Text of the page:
A prominent entrepreneur is frustrated that an alternative to the troubled COVID-19 tracing app is stuck in limbo with officials.
Since March, Trade Me founder Sam Morgan has been working as part of a team to test the ability of 'CovidCard'.
CovidCard is a low energy bluetooth device the size of a credit card, that is designed to be worn on a lanyard around the neck when in areas such as public transport, workplaces, bars, restaurants, gyms, hospitals, large gatherings and events.
It detects and records close contacts using bluetooth and stores this data securely on a person's card for 21 days.
No contact data is automatically stored in the cloud or elsewhere and it does not track user location as the card does not contain GPS capability.
Six weeks ago, the team delivered a report to officials following field trials, but are yet to be given any indication of a decision.
The project and first year of operation is estimated to cost just under $100 million and would take about five months to roll out, which is why Morgan wanted a decision to be made quickly.
Meanwhile, politicians are continuing to push for people to use the COVID-19 Tracer app, which only gets about 10,000 scans a day.
Minister of Health Chris Hipkins has appealed to New Zealanders to use the contact tracing app, saying he believes there is a degree of complacency in this country, even as the risk grows every day.
"Please step up your efforts, scan wherever you go and keep a record of your movements," he said.
"Now's the time to be vigilant."
Morgan said apps overseas - which were even better than the COVID-19 Tracer app - had failed miserably.
"So the solution isn't on a phone and in our consultation with iwi and Pasifika and so forth, they made it really clear to us that if you're going to give [them] an app don't expect all of [their] people to be able to use this and that is a fundamental equity issue," he said.
"It is really important we can reach every New Zealander and no app is going to do that."
Field trials have already been completed on the CovidCard in Nelson Hospital and through scripted work.
"We effectively put cards on people and then scripted them through various cafe scenes or catching a taxi scene, all these real world situations and that was all about getting data to
work out whether this thing could actually work," Morgan said.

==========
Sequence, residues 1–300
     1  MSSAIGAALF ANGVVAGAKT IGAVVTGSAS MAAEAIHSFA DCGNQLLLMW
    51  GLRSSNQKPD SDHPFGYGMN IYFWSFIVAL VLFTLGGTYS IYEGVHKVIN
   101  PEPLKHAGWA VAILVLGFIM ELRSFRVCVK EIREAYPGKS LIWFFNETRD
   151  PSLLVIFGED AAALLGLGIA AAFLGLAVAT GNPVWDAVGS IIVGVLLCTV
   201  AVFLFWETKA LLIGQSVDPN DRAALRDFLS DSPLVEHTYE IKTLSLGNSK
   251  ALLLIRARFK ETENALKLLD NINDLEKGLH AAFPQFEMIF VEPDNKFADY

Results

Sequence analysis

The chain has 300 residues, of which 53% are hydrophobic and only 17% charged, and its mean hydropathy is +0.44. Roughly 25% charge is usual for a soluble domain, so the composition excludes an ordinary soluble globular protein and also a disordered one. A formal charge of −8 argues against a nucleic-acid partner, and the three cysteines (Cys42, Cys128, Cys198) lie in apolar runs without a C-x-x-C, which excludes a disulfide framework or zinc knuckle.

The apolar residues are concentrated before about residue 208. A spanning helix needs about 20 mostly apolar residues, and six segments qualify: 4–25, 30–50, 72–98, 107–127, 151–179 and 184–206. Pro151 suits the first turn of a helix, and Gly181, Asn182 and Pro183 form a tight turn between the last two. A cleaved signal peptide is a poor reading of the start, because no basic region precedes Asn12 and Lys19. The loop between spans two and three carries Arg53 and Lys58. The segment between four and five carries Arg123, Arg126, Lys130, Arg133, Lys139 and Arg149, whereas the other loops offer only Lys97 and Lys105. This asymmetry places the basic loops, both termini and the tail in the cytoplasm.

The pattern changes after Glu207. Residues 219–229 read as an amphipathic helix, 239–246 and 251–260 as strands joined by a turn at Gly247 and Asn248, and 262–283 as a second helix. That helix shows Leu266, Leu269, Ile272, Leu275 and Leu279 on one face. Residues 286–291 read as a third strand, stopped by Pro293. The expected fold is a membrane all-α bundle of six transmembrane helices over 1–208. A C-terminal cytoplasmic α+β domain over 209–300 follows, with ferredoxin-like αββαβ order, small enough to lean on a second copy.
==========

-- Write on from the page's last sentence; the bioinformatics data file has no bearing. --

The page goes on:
It picked up about 90 percent of close contacts and up to 10 percent of false close contacts, which were people too far away to be clinically considered a close contact, he said.
Officials have been in regular contact, but have not indicated when a decision could be made on whether or not to roll out the card.
"It is not clear if or when a decision will be made on whether to do it or not, we are just not having a substantive conversation that needs to take place," Morgan said.
"That's probably the frustrating place we are at, is that every time the Health Minister, Dr Bloomfield, the Prime Minister hops up and tells people to use a technology that we consider has no chance of success and that really erodes our ability to deploy technology that can work."
He said the cards could stop the country from going back into lockdown if there was another wave of community transmission.
"In my view, if you see one or two cases of transmission that you don't know where they come from, we are a matter of weeks away from locking the whole economy down again," he said.
"We don't think that is sustainable politically, maybe New Zealanders will tolerate another lockdown but they are not going to tolerate lockdown four, five and six and there is no timeline on a vaccine."
Prime Minister Jacinda Ardern said earlier this week the card was something being explored.
"We have continued to keep a very open mind over different technologies."
Trials of the card were continuing, but it was human behaviour that really needed to be tested, Ardern said.
She also noted technology only enhanced contact tracing systems already in place.
"It will continue to be a process that involves people on the ground, interviewing and then taking a precautionary approach of testing everyone that works, plays, lives with the people who may have come into contact with COVID," she said.
"What it helps us do is put that extra precautionary layer in for people they might not even know they had contact with."
Minister of Health Chris Hipkins said there were pros and cons with all technologies, and they were not taking any off the table at this stage.